She’s rapped alongside 2Pac, Snoop Dogg, Eazy-E, Too $hort, E-40, Ras Kass, Suga Free, Bad Azz, Dru Down, Spice 1 and other West Coast luminaries. She had a single in the Billboard top ten. But with how many rap fans does the name Sylk-E. Fyne (spelling varies) actually ring a bell? Her latest random appearances were on Too $hort’s “No Trespassing” album, back to back on “Boss” and “Hey,” singing on both tracks and rapping on the former.
Legend has it that Sylk-E. Fyne was part of a girl rap group named G.B.M. Eazy-E signed to Ruthless Records in the mid-1990s. While there were no official releases, a couple of bootlegged songs have surfaced over the years. In 1998, however, a notable cameo on her mentor’s “Str8 Off Tha Streetz of Muthaphukkin Compton” already three years behind her and having graduated from college and given birth to a son, homegirl went solo on that ass. She did so with the help of original West Side Crip turned community activist Michael Concepcion, responsible for 1990’s “We’re All in the Same Gang” project.
Production was handled in-house by the duo of Gerald ‘Big Yam’ Baillergeau and Victor ‘Vino’ Merritt, who therefore also have a gold plaque hanging on the wall for “Romeo and Juliet.” Like other ’90s rap hits, “Romeo and Juliet” samples from an ’80s R&B hit, in this case RenÃ© & Angela’s “You Don’t Have To Cry.” In terms of its slower tempo, it’s very much in tune with the West Coast sound of the mid-to-late ’90s. Since Sylk is from South Central and her guest Tha Chill is from Compton (he used to be in fact in a group called Comptons Most Wanted), one might expect some Shakespearean set-up where lovers find each other across enemy turfs or something like that. That is not the case. Chill only performs the hook, and his “It’s like Romeo and Juliet…” analogy strictly refers to the depth of the love described. Sylk herself makes no reference to art’s most famous lovers and instead mentions that all-American crime couple Bonnie and Clyde. Musically inspired by Warren G and Nate Dogg’s “Regulate” and conceptually by the Jay-Z/Foxy Brown duets, “Romeo and Juliet” is a typical second-row pop rap hit that owes about 50% of the attention it got to its title. Still Sylk stays true to the love theme, rapping, “When you find good love, you best to keep it / I’m puttin’ all my sisters up on game, so won’t you peep it.”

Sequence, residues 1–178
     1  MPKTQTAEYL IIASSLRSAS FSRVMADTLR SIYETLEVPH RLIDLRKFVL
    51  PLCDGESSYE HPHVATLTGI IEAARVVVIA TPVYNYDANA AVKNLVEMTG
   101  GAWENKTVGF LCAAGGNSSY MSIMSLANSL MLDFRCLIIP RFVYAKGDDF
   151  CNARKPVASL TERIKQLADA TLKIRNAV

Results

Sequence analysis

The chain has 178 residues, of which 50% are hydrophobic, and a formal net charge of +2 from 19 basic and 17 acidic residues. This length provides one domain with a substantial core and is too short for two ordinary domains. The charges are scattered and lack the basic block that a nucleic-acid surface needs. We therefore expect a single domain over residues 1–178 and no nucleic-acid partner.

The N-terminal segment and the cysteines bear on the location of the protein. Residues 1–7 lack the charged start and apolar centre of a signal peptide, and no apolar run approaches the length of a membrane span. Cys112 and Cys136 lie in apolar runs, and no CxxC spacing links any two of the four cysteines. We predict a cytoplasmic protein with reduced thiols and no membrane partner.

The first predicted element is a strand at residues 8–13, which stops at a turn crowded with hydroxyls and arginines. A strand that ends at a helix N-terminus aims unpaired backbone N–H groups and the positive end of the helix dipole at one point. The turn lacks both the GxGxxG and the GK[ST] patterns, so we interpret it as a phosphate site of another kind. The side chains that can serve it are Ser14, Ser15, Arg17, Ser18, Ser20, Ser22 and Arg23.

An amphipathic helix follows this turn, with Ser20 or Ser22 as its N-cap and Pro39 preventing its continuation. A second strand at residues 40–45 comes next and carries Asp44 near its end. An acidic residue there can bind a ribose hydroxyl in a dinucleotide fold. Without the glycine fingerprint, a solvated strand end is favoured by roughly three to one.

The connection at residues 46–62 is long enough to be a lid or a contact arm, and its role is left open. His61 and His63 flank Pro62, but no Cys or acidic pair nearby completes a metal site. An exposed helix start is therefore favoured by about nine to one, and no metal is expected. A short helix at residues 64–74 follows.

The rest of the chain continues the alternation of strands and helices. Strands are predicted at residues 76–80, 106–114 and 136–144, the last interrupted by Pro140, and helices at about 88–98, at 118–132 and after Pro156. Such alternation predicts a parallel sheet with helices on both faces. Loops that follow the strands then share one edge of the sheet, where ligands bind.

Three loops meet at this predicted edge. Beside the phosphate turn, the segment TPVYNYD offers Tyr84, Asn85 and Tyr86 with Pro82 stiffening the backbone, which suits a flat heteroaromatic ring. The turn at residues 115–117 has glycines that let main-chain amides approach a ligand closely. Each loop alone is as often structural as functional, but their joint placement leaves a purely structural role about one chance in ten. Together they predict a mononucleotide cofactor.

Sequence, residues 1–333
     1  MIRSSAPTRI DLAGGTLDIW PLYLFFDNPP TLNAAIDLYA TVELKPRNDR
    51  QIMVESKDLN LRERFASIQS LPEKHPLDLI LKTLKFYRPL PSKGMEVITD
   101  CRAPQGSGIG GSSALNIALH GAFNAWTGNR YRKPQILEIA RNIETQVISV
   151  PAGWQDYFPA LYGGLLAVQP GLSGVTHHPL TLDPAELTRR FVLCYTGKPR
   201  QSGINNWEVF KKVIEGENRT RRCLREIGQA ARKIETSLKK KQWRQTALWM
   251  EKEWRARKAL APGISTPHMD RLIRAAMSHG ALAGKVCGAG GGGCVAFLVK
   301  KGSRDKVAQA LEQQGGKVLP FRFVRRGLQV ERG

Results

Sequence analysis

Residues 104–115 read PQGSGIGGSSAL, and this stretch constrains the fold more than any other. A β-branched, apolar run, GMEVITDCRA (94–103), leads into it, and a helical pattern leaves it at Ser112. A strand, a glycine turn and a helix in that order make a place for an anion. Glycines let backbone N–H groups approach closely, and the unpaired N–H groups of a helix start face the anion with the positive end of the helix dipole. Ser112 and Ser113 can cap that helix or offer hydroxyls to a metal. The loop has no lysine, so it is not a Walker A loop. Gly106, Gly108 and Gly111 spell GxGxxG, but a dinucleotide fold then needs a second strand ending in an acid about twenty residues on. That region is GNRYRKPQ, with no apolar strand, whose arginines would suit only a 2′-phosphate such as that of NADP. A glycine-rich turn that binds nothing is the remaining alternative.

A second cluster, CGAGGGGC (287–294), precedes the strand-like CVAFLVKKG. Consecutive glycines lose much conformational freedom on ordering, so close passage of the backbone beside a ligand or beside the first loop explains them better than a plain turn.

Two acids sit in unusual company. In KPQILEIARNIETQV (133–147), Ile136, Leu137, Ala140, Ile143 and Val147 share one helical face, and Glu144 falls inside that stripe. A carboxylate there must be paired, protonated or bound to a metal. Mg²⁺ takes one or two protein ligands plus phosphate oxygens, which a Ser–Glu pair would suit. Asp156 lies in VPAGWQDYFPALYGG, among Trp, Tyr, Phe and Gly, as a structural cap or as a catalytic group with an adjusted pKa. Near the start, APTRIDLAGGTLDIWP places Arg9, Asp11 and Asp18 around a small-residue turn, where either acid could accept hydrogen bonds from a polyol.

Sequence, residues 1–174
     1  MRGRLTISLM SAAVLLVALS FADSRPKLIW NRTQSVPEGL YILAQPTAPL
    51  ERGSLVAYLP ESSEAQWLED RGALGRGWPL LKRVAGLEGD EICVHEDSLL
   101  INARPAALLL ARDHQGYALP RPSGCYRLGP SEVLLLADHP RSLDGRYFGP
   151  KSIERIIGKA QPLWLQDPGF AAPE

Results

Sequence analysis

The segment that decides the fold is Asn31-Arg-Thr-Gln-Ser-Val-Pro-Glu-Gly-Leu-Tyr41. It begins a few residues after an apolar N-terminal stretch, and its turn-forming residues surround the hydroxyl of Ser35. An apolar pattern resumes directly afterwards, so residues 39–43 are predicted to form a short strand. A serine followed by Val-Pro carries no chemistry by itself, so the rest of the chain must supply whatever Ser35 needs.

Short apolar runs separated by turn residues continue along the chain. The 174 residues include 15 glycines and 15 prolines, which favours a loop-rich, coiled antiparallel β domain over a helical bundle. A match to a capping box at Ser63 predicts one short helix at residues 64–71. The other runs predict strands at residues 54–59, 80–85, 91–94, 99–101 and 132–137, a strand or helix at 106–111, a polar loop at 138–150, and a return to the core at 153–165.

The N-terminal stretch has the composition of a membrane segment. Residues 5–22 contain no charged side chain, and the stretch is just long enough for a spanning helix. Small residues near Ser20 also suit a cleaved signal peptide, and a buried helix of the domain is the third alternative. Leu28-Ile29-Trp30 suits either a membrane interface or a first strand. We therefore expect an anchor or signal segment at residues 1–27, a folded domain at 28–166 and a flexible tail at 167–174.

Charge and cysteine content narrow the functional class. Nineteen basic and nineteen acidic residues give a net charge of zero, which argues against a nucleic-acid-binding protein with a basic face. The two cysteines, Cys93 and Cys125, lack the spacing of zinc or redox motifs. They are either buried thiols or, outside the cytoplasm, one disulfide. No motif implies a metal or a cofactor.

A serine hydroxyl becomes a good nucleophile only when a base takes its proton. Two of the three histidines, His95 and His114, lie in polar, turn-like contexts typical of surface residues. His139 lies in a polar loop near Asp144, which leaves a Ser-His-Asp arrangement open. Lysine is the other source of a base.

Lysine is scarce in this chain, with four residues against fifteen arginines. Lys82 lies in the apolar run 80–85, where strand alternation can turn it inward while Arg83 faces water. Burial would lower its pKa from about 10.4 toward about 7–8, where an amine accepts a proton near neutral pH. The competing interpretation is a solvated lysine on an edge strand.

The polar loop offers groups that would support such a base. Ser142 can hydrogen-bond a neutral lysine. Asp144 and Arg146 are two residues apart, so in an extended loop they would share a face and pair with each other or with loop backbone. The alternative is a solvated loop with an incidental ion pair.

One track later RenÃ© Moore and Angela Winbush are sampled again. It’s a loop rap listeners had heard a year before on “I’ll Be” by Foxy Brown and Jay-Z. “Grand Jury (Coming Through)” attempts to establish the Grand Jury brand, while Sylk envisions herself as “the First Miss on the West / with the platinum status, takin’ trips in high-class jets.” “Raw Sylk” is a testimony to the fact that in 1998 Lil’ Kim and Foxy Brown were the femcees to beat. Boasting “I’m iller than the Na Na” over a sample the Ill Na Na already put her stamp on is poor judgment. But otherwise Sylk-E. gives a convincing rendition of the ‘Beautiful But Deadly’ act. On “Material Girl” she jacks brothers for their possessions – not golddigger style, but rather how they (used to) do it in South Central L.A. So instead of sampling Madonna, she borrows some Zapp bounce to give her tale that particular West Coast flavor:
“As I rolls with my spliff
Pager blowin’ up, I check the code and it’s this trick
I met him off the ‘Shaw playin’ boss with his friends
The fool ain’t my type but I can tell he got some ends
As I hit the corner I drop the top – ‘What’s poppin’?’